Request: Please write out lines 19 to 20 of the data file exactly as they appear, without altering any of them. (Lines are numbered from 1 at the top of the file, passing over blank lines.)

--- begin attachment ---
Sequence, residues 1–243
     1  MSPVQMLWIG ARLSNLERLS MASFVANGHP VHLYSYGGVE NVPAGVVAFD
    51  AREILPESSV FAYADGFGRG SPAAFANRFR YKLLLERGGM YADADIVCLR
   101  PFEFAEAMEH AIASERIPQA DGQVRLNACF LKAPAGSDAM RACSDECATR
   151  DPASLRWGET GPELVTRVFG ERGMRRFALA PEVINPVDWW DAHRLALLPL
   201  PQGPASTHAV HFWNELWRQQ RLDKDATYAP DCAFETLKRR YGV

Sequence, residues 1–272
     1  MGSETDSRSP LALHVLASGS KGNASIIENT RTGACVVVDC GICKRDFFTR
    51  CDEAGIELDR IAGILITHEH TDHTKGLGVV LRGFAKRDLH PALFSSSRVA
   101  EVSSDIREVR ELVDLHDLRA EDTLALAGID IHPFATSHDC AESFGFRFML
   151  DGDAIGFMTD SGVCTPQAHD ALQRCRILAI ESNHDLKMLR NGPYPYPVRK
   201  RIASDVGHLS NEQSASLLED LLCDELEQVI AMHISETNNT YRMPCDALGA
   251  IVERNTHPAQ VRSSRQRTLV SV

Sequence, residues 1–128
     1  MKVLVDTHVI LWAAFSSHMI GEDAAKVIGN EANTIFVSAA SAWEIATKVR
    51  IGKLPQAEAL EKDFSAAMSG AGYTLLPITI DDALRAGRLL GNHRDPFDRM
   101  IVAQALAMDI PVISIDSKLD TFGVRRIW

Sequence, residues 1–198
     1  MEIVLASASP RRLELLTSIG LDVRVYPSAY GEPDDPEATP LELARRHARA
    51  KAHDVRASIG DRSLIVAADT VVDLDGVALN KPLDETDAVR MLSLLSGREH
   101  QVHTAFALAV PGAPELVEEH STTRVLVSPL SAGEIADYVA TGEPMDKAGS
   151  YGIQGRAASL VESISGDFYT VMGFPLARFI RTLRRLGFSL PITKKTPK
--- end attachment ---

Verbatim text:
     1  MEIVLASASP RRLELLTSIG LDVRVYPSAY GEPDDPEATP LELARRHARA
    51  KAHDVRASIG DRSLIVAADT VVDLDGVALN KPLDETDAVR MLSLLSGREH